Chevron Press Release - Chevron To Conduct Safety Review In Venezuela
SAN FRANCISCO, June 14, 1994 -- Chevron Corporation today announced that it has been selected to conduct a Process Safety Management review of petroleum-producing facilities in the Lake Maracaibo area of Venezuela. The competitively bid contract was awarded to Chevron by Maraven, S.A., an affiliate of Petrleos de Venezuela, S.A., the national petroleum company of Venezuela.
A Process Safety Management review is a detailed study of existing processes and procedures that is conducted to ensure a high degree of operational safety. Chevron has conducted similar safety reviews at its own facilities for more than 10 years.
Maraven has extensive oil and natural gas producing operations throughout the Maracaibo Basin, one of the world's most important and prolific petroleum regions. Since the first oil discovery in the basin in 1914, the region's cumulative oil output has exceeded 34 billion barrels.
Maraven, based in Caracas, currently produces 835,000 barrels of oil per day, or about 35 percent of Venezuela's total production.
The Process Safety Management review will include on-site inspections at 39 Maraven facilities, ranging from offshore drilling rigs to natural gas compression plants, to ensure compliance with international safety standards. A joint team of Chevron and Maraven safety experts is now being formed to conduct the review.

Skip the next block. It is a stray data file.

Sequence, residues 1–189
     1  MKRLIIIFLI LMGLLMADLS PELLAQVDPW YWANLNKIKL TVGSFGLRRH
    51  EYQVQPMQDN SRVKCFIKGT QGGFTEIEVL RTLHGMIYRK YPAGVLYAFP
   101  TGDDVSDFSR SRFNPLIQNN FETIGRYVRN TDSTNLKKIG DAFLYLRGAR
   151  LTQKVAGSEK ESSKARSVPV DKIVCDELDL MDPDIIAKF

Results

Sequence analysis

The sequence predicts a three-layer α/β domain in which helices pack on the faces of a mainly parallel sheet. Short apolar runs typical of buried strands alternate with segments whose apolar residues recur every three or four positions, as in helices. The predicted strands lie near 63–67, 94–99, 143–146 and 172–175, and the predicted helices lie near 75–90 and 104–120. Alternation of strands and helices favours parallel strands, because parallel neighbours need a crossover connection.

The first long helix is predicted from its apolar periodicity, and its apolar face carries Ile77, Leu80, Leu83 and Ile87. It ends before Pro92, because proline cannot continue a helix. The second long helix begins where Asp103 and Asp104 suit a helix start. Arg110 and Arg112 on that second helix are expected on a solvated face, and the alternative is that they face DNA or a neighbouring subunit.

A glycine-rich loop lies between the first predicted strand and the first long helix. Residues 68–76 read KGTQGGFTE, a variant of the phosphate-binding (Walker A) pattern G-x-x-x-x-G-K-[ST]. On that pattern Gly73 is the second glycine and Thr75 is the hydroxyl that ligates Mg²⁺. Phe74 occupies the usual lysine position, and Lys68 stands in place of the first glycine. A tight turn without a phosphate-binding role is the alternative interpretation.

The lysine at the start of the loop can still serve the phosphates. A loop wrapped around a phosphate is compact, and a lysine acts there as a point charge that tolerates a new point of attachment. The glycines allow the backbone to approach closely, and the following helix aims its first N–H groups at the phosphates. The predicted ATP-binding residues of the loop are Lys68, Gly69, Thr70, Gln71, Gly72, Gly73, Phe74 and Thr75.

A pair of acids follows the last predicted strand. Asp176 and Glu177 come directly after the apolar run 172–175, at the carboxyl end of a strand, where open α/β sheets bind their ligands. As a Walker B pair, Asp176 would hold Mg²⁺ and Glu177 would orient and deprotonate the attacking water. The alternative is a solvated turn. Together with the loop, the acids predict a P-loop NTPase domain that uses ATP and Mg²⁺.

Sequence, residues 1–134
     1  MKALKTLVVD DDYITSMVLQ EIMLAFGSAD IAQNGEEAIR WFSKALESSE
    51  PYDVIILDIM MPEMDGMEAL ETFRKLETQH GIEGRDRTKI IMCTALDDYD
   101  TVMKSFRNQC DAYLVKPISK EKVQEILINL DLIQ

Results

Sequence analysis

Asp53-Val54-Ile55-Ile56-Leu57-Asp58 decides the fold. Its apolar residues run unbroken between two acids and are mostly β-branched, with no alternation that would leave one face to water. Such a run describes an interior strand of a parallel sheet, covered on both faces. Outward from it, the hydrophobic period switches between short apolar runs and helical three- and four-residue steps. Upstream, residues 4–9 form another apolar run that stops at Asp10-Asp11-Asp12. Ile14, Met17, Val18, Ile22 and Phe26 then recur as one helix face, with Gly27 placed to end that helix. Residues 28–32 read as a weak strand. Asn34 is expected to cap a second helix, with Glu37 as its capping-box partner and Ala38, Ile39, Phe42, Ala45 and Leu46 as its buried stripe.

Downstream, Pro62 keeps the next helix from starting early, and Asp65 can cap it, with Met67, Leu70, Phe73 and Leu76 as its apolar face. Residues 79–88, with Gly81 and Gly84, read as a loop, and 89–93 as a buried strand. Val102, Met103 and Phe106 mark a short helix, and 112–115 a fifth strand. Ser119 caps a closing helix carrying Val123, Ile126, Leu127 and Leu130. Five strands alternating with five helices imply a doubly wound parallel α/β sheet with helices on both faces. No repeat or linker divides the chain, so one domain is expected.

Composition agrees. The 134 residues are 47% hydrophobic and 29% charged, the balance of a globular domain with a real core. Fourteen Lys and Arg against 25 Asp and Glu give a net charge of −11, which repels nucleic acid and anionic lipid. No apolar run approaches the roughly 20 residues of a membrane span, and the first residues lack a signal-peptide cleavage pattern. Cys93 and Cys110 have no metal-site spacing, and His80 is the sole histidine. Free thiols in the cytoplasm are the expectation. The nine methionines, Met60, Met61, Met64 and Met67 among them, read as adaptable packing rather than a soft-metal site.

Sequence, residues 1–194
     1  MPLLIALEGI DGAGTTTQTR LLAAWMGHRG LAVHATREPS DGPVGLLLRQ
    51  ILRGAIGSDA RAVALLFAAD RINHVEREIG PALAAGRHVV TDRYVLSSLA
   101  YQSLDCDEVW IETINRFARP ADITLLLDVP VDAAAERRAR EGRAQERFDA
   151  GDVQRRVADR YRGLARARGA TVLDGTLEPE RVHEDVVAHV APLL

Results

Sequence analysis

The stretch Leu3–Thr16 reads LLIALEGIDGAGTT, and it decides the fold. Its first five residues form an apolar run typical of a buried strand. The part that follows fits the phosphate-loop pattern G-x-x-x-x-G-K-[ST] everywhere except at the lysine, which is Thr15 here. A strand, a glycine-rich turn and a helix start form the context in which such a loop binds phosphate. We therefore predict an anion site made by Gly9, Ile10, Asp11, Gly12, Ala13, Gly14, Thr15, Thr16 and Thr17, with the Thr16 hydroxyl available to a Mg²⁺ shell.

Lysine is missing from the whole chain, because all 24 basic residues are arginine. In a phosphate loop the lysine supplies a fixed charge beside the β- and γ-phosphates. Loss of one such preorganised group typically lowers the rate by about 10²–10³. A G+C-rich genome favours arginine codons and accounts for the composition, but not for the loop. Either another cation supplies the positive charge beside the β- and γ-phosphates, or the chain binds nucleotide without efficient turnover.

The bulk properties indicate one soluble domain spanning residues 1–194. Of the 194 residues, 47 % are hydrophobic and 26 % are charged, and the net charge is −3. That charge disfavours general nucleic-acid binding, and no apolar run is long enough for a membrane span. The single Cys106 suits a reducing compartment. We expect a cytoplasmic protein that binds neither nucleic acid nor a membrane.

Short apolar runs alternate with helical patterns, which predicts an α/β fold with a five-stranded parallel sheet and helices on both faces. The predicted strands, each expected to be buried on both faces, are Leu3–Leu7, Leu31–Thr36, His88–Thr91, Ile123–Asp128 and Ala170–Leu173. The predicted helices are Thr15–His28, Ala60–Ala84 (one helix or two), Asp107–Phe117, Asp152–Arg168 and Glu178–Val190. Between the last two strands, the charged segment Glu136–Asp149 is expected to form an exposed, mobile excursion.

Chevron's multidisciplinary team will include experts from Chevron Overseas Petroleum Inc., Chevron U.S.A. Production Company, Chevron Research and Technology Company, and Warren Petroleum Company, Chevron's natural gas liquids subsidiary.
"Our team approach on the review demonstrates both Maraven and Chevron's commitment to safe operations," said Rob Lagaay, Managing Director of Chevron Overseas Petroleum's Latin American business unit. "Through this effort, Chevron hopes to further our participation in the continuing safe development of Venezuela's petroleum resources."
The review is expected to begin in mid-June and will require about two and a half months to complete. It will be conducted entirely in Venezuela.
Updated: June 1994